Ali Dee feels as if she "dodged a bullet" during the first season of Texas Women.
The same can't be said for the three other stars of the Fort Worth-based reality show.
Brooke Jeter, Anna Hunt and especially Hannah Helvey had many cringe-inducing moments when cameras caught them doing and saying dumb or embarrassing things.
Will Dee's luck hold out when Texas Women returns at 8 p.m. Saturday on CMT?
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Dee, an aspiring country music singer-songwriter and host of the Mavericks Insider TV show, doesn't want to reveal too much about what happens in the new eight-episode season.
She says that viewers will get to know her better this season. But as for committing any on-camera gaffes, she says simply, "It's hard to hit a moving target."
We talked with Dee last week about the show and its impact on her life and career. Then she dashed off to a photo shoot for her soon-to-launch clothing line, the Ali Dee Collection.
Has the show brought you a new level of local fame?
In terms of being around town and getting recognized, it's definitely more lately. Mostly, it's people saying, "Gosh, I know you from somewhere, but I can't put my finger on it." Of course, if I'm someplace with any of the other girls, especially Brooke, then it seems like everybody recognizes us.
What's your favorite story that involves meeting a Texas Women fan?
I was at the Fort Worth Stock Show and Rodeo. I was walking through all the exhibits and doing a little shopping when this little girl, she must have been 11 or 12, came up and said, "Has anybody told you that you look just like Ali Dee from Texas Women?" I kind of chuckled and said: "Well, I am her. Brooke's here, too." And Brooke came over and this girl got so excited, just hollering and freaking out. That's actually been kind of surprising to me, how many really young fans we have.
Let's see what the young ones think of the return episode, in which you all audition male strippers to entertain at Hannah's 21st birthday party.
I know. That will be interesting.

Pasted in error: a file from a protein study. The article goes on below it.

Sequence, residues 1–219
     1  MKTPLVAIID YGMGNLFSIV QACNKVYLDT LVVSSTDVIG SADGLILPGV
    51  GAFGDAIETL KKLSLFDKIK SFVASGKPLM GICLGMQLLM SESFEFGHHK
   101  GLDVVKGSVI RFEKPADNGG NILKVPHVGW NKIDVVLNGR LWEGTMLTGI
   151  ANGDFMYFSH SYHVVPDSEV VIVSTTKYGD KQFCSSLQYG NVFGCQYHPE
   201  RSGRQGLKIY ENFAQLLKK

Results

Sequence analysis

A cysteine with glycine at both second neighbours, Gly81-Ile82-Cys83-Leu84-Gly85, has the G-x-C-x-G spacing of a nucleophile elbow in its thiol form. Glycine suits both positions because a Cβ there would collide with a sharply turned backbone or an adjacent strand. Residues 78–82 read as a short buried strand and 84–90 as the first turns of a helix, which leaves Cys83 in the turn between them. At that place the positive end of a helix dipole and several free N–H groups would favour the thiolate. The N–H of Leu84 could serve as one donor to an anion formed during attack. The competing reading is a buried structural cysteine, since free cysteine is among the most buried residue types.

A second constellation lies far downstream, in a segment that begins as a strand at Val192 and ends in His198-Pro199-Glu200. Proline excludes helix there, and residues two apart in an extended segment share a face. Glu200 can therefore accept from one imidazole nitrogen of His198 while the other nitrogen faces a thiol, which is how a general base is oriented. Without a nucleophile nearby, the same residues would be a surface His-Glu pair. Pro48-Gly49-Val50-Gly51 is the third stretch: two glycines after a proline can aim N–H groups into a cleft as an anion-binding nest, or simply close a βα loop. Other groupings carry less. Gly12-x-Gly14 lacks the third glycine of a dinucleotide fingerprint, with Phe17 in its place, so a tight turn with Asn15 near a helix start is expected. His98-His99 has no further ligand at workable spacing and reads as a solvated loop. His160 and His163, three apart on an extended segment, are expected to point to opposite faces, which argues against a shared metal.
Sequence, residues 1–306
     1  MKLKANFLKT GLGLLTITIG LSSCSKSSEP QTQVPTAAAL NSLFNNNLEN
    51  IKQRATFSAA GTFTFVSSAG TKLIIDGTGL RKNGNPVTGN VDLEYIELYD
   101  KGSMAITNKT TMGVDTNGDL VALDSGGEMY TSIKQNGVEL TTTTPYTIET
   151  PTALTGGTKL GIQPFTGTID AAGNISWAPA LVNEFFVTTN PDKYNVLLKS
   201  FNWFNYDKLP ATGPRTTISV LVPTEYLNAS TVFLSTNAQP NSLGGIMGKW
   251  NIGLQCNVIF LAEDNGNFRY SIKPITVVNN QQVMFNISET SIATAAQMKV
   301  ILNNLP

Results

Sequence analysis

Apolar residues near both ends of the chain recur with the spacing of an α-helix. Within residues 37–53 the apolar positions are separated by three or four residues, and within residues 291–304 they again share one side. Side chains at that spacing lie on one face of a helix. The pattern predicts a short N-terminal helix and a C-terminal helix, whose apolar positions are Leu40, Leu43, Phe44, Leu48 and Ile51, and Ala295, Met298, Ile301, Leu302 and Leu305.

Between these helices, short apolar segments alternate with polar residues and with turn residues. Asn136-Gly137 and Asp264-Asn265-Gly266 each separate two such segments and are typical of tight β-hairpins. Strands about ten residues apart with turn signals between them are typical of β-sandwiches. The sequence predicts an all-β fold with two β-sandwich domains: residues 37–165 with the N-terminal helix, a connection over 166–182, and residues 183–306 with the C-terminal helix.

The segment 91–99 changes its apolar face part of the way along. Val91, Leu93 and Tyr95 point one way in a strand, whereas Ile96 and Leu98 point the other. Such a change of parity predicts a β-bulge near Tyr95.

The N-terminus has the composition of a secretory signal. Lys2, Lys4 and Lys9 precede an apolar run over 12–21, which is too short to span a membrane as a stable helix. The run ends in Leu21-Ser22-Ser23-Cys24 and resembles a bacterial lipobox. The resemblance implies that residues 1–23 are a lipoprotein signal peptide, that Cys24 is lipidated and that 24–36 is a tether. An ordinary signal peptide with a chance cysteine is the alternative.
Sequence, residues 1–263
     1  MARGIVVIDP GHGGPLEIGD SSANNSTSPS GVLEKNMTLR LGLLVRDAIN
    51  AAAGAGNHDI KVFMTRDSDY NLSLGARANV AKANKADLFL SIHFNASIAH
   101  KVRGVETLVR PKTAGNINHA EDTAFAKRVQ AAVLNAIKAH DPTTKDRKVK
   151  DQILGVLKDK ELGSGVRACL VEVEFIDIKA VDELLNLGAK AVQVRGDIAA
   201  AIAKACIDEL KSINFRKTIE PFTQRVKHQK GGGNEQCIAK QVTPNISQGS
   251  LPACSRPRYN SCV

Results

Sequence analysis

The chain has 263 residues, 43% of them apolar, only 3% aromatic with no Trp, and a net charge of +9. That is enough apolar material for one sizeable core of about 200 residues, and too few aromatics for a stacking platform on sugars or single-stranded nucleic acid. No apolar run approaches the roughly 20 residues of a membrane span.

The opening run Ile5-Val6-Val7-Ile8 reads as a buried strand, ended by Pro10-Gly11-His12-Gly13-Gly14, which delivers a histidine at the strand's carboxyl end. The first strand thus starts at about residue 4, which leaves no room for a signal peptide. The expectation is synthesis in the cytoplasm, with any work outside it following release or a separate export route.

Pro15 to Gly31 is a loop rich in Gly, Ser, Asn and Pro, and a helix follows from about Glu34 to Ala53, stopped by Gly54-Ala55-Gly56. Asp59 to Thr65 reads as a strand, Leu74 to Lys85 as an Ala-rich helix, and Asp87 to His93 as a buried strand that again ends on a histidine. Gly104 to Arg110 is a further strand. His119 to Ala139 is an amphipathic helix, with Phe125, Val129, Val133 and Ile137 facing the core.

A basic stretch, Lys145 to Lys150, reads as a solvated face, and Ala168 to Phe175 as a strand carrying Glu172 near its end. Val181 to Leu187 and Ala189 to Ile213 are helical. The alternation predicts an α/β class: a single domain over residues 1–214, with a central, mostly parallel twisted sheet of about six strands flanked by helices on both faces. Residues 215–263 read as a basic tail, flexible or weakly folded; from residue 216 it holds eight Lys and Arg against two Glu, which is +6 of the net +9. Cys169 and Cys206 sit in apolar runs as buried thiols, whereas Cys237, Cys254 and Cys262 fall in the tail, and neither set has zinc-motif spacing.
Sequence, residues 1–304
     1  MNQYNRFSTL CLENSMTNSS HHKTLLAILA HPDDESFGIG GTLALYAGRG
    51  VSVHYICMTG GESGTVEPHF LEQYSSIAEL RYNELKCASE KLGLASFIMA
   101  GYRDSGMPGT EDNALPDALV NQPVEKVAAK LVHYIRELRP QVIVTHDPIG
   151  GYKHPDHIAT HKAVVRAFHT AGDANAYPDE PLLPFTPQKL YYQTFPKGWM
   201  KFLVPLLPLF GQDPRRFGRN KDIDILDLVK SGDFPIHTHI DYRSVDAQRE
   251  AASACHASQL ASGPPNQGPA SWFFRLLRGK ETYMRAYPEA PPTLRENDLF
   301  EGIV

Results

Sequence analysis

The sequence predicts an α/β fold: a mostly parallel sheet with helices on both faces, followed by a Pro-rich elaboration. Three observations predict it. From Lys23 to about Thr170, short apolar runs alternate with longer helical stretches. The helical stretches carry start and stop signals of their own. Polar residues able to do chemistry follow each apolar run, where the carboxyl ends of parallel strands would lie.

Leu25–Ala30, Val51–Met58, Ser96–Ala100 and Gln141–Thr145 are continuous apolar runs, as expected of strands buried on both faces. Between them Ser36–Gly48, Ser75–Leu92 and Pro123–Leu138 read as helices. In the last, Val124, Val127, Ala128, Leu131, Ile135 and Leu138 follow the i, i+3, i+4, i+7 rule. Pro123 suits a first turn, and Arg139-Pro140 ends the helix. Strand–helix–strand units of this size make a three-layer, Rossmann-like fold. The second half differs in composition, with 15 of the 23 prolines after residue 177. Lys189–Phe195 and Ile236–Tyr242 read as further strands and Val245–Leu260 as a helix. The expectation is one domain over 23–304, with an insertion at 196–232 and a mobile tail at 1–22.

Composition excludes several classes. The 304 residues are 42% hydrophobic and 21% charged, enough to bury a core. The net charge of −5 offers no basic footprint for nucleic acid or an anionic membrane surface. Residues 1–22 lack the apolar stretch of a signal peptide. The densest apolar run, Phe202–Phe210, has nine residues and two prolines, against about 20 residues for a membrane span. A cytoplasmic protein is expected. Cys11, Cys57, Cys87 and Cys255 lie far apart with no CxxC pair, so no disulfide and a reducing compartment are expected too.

Fort Worth residents are sure to get a laugh at Dallas' expense when you point out: "Where do you find male strippers in Fort Worth? Well, you don't. You go to Dallas."
Well, it's true! Fort Worth is a major city, but it still manages to maintain that country state of mind. Whereas Dallas, they embrace a city state of mind. I think that's the big difference between the two.
Has the show helped advance your music career in any way?
It's gotten me more fans and more followers, which is nice. But industrywise, I don't think a reality show helps in the eyes of the country music scene in Nashville. They don't care that you have a reality TV show. To them, it's all about the music. So I have to prove I'm more than just another blond girl trying to sing country music. I have to prove I've got what it takes to cut through the clutter.
And how far along are you in that journey?
I've just released my new single to iTunes. It's called Sweet Southern Song. And I've got five awesome songs ready to go for the EP. We're fine-tuning the mixes before the EP will be released, hopefully in the next couple of weeks. Throughout Season 2, you'll see me on the journey to step it up and take it to the next level.
What do the people of Fort Worth think about how their city is depicted in the show?
Everybody has been really supportive. People seem to be so excited when they see their favorite local hot spots. I think we are good representatives of the exciting things going on in Fort Worth -- the new places to go, the fun things to do. We spend a lot of time in the West Seventh/Cultural District. Hopefully we will have many seasons to come, and I don't think we'll ever run out of new things to do in Fort Worth.